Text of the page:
56 See footnote 12.

57 See p. 72 of the SFC Annual Report 2018–2019, available at
, last accessed on 3 May 2020.

58 Speech on Progress of the SFC's new approach to regulation HKSI Institute Roundtable Luncheon by Mr Ashley Alder, available at, last accessed on 3 May 2020.

59 See SFC's press release dated 19 August 2019, 'SFC and the ICAC sign MoU to strengthen cooperation in combating financial crime', available at, last accessed on 3 May 2020.

60 See SFC's press release dated 28 April 2020, 'SFC signs MoU with Competition Commission', available at, last accessed on 3 May 2020.

61 See Position paper - Regulation of virtual asset trading platforms, available at (Eng).pdf, last accessed on 3 May 2020.

62 'Competition Matters – Issue No. 8' (January 2019), available at, last accessed on 3 May 2020.

63 See HKCC's press release dated 17 May 2019, 'Competition Commission welcomes judgments in Hong Kong's first two competition cases', available at
20190517_Competition_Commission_welcomes_judgments_in_Hong_Kong_s_firs t_two_competition_cases_eng.pdf
, last accessed on 3 May 2020.

64 See HKCC's press release dated 29 April 2020, 'Competition Commission welcomes first judgment on pecuniary penalties in Hong Kong competition law regime', available at, last accessed on 3 May 2020. See Hong Kong Banking Sector: 2019 Year-end Review and Priorities for 2020, available at, last accessed on 3 May 2020.

65 See Hong Kong Banking Sector: 2019 Year-end Review and Priorities for 2020, available at, last accessed on 3 May 2020.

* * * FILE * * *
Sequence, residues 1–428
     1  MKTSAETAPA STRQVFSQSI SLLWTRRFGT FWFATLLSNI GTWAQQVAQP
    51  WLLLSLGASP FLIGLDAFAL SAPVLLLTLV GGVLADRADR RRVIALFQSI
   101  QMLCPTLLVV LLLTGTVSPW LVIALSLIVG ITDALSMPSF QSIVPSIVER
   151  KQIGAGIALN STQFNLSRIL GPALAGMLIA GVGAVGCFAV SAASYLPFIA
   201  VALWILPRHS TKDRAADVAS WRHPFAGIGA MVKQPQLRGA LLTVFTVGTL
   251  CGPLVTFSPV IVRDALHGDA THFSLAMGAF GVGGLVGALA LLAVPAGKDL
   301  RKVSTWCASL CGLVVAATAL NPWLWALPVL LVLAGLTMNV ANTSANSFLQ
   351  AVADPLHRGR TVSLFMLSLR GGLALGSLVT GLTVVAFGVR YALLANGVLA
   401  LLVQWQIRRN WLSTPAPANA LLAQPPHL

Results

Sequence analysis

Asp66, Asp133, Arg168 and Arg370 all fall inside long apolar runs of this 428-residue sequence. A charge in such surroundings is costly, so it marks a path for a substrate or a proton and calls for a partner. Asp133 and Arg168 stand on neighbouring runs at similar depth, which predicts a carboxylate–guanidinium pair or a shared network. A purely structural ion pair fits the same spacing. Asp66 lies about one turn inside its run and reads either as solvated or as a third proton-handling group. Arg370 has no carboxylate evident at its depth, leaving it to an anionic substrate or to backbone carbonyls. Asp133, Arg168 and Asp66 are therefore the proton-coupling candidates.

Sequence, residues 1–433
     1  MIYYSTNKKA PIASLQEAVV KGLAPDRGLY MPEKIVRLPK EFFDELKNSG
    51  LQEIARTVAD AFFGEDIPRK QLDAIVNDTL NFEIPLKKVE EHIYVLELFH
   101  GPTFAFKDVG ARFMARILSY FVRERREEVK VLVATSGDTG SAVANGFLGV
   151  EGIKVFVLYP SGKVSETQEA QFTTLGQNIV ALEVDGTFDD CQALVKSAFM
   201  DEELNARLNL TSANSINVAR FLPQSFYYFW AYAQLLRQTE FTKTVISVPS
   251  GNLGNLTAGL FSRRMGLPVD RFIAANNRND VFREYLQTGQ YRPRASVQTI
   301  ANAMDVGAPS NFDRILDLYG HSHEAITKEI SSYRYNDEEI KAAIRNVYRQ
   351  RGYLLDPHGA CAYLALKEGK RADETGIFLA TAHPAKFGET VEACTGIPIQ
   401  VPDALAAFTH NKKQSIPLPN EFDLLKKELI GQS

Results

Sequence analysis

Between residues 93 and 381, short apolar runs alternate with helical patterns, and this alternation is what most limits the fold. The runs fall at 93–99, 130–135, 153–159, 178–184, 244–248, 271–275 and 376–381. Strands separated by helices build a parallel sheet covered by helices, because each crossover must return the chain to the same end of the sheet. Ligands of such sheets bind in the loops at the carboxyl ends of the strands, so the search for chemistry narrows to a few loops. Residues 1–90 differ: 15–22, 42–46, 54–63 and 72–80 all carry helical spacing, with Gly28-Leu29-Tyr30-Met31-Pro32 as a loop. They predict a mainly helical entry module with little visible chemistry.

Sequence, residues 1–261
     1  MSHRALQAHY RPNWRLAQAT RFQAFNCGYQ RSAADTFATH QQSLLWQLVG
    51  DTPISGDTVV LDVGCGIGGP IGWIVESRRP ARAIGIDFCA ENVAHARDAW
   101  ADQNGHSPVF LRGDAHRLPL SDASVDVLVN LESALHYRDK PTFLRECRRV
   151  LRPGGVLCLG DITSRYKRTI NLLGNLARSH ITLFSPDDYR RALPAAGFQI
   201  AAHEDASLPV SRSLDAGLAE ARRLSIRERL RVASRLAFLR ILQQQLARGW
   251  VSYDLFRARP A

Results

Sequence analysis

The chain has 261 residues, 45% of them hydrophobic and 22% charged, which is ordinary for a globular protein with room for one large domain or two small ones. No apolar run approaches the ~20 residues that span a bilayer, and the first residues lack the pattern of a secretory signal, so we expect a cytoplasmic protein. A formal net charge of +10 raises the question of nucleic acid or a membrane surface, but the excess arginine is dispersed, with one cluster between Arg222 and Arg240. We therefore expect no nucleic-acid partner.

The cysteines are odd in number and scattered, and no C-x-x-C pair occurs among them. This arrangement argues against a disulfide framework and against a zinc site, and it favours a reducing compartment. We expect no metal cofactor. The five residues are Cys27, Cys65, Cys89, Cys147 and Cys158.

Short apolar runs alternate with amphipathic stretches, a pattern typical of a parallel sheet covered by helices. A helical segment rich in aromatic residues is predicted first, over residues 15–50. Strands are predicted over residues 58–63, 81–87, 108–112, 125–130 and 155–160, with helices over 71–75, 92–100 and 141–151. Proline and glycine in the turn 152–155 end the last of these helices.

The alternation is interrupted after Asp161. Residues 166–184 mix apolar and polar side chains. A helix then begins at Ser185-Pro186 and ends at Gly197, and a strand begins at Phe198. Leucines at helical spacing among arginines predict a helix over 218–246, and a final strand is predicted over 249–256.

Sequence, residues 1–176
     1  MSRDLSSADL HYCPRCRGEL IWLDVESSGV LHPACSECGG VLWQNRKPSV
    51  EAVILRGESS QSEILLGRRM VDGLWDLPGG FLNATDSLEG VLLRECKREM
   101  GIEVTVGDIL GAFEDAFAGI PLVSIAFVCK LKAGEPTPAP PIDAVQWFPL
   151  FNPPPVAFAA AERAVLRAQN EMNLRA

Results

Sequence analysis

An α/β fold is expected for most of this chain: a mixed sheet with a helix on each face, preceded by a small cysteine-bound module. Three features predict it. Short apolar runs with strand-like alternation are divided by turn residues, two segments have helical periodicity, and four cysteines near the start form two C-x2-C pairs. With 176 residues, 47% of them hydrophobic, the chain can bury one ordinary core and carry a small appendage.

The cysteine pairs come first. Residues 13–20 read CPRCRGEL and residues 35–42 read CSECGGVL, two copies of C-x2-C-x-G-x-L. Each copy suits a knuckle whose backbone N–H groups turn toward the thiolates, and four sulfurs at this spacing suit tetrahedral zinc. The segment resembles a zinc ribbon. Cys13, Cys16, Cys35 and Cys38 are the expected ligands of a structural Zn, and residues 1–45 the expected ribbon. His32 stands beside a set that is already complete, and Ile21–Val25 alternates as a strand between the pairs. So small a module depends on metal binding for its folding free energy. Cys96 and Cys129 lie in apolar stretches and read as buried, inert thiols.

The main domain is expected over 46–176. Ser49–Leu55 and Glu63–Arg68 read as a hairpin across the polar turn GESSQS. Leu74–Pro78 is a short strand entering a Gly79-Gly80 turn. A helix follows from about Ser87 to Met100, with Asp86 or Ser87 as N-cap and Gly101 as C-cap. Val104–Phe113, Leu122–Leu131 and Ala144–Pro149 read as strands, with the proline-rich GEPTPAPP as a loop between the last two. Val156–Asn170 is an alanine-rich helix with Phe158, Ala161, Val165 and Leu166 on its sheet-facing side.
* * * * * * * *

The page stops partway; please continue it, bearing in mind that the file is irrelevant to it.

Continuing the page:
66 See footnote 11.

67 See the SFC Regulatory Bulletin Issue No.4, February 2020, available at, last accessed on 3 May 2020.

68 See the SFC's press release dated 18 February 2019, 'SFC reprimands and fines Guosen Securities (HK) Brokerage Company, Limited $15.2 million for breaches of anti-money laundering regulatory requirements', available at, last accessed on 3 May 2020.

69 See the SFC's press release dated 23 April 2019, 'SFC bans former responsible officer of Guosen Securities (HK) Brokerage Company, Limited for 10 months', available at, last accessed on 3 May 2020.

70 For example, Chinese e-commerce giant Alibaba, with an existing primary listing on the New York Stock Exchange, achieved a secondary listing in Hong Kong in November 2019.

71 See footnote 61.

72 In 2017, the HKCC appointed Mr Brent Snyder as chief executive officer, formerly Deputy Assistant Attorney General at the US Department of Justice, and Mr Jindrich Kloub as executive director (operations), formerly an official of the Directorate General for Competition at the European Commission.

73 Keynote Speech on The Hong Kong Competition Ordinance 3rd Anniversary at British Chamber of Commerce and Freshfields Breakfast Briefing by Mr. Brent Snyder, available at, last accessed on 3 May 2020.

74 The Second Conduct Rule prohibits an undertaking that has a substantial degree of market power in a market from abusing that power by engaging in conduct that has as its object or effect the prevention, restriction or distortion of competition in Hong Kong. See Section 21 of the Competition Ordinance (Cap. 619).

75 See footnote 23.

76 'Competition Commission takes renovation cartel case to Competition Tribunal – Questions and Answers', available at, last accessed on 3 May 2020.